Derbyshire's Parishes, 1811> This page
Derbyshire's Parishes, 1811
The parishes and chapelries as they were just over 200 years ago. Extracts from an early Derbyshire history

Engraving of Derby
From : 'History of Derbyshire' by David Peter Davies
Derby, engraved for Davies History of Derby
Image scan 2007 Ann Andrews

"View of Derby", facing page 125

This delightful engraving of Derby was done especially for Davies's "History of Derby" by Henry Moore.

Derby before 942


"The town of Derby is situated in a valley; extending and opening as it advances southward, into a fine and well cultivated plain. It stands upon the western banks of the Derwent, on ground a little elevated above the level of the surrounding vale ; its situation is, therefore, very pleasant; and the scenery of its environs extremely beautiful.

Antiquarians do not agree, in the derivation of the word Derby. Historians inform us, that during the Heptarchy, the Saxons called it Northworthig; but of this appellation not a trace now remains. In the time of the Danes, it was called Deorby, a word said to be coinpounded of two Saxon ones, signifying a habitation for deer. To support this derivation, it is alleged, that the ground on which the town now stands, was once a park, stocked with deer. This appears to derive some probability from the town's arms, exhibiting a buck couchant in a park; and from one of the lanes adjoining the town being called Lodge-lane.— But when it is recollected, that a park was not known in England until the arrival of the Normans, and a coat of armoury until a period much later, and that Derby was a considerable town before the introduction of either; it does not appear very likely, that it derived its name from deer in a park. The most probable conjecture is, that the name of the town, and that of the river Derwent have the same origin; that originally it was called Derwentby, or the town by the Derwent, and that in process of time this name was corrupted or abbreviated into Deorby or Derby.

Derby is undoubtedly a place of great antiquity; but in what age, or by what nation, it was founded, is impossible to determine. It is supposed to have been a place of some consequence prior to the Roman invasion. That people generally fixed their stations in the vicinity of some British town; and as it is ascertained that Dervientio or Little Chester was one of these: Derby therefore appears from its small distance from it, to have existed before the time of the Romans.

After the departure of the Romans, Derby became a place of consequence, under their successors the Saxons. In the reign of Alfred, it was constituted the metropolis of the county: and in the beginning Of the same reign it was occupied by the forces of Haldene, a Danish chieftain, who took up his quarters there, for the winter of 874.[1]. Alfred, after his memorable defeat by the Danish Prince Hubba, and the consequent submission of his followers, in 880, settled a colony of them at Derby; thus proposing to repeople this place ; which like many in the kingdom of Mercia, had been laid waste and totally desolated, by the frequent inroads of those barbarians.[2] During the destructive conflicts, maintained between the Saxons and Danes, in subsequent reigns, Derby was alternately in the possession of both parties. In 918, the Danes, being masters of it, were attacked by surprise, and completely routed, by the heroic Ethelfleda, daughter of Alfred, and Princess of the Mercians, who took possession of the town, and all that belonged to it.[3] Shortly after, the inhabitants were deprived of this masculine and heroic heroine, by her death;[4] and the town once more fell into the hands of the Danes. But in 942 Edmund invaded Mercia, and drove the Danes out of Derby, together with five other towns.[5]"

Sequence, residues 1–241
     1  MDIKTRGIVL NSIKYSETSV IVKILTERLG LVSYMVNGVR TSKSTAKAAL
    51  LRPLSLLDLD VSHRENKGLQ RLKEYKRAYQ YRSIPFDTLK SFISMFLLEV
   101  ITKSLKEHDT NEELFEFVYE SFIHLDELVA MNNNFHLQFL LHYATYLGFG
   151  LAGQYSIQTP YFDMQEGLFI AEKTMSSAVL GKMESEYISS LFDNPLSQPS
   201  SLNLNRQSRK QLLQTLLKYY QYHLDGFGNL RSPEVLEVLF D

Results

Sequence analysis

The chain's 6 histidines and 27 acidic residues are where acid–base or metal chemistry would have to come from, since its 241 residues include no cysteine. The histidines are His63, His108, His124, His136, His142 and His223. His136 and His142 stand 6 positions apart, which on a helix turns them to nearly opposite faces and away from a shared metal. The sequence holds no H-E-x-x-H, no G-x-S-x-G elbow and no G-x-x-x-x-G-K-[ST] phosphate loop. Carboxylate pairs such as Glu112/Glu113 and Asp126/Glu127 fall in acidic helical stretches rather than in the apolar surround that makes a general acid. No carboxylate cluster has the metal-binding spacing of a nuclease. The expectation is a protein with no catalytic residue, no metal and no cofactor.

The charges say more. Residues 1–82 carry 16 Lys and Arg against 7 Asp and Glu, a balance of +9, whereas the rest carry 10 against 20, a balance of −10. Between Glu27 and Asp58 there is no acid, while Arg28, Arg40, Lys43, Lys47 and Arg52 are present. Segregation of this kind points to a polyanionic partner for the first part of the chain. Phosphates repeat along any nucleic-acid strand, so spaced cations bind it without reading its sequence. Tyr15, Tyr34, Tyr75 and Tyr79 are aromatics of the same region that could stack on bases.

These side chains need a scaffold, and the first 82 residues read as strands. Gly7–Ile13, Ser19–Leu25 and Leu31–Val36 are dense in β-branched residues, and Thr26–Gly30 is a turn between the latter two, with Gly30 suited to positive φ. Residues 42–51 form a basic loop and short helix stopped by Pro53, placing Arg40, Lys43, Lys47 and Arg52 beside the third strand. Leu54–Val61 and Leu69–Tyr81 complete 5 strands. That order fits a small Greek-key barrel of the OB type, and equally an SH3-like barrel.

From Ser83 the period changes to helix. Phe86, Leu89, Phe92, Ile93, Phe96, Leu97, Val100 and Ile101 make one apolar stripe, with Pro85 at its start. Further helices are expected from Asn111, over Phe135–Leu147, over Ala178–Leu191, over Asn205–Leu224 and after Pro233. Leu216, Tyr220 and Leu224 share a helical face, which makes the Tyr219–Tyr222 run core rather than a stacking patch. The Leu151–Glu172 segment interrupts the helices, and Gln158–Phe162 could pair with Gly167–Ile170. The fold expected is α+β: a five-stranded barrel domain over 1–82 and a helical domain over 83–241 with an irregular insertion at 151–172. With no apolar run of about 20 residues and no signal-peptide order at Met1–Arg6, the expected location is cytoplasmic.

The Town of Derby continues on the next page

Footnotes and references from the book.

[1] Chron. Sax. p.82.

[2] Hume, vol, I, p.84.

[3] Chron. Sax. p.106.

[4] W. Malsmes. lib ii. chap. 5 Matth. West, p. 162.

[5] Chron. Sax. p.114.

Image in the collection of, provided by and scan © Ann Andrews
Intended for personal use only.

Further examples of the artist's work can be found elsewhere on this website in the transcript of Moore's guide:
"Picturesque Excursions From Derby to Matlock Bath"

There are more pictures of Derbyshire on this website. Please see:
The Andrews Pages Picture Gallery
Matlock and Matlock Bath - Photographs, Postcards, Engravings & Etchings

Davies' book
An Ann Andrews book transcript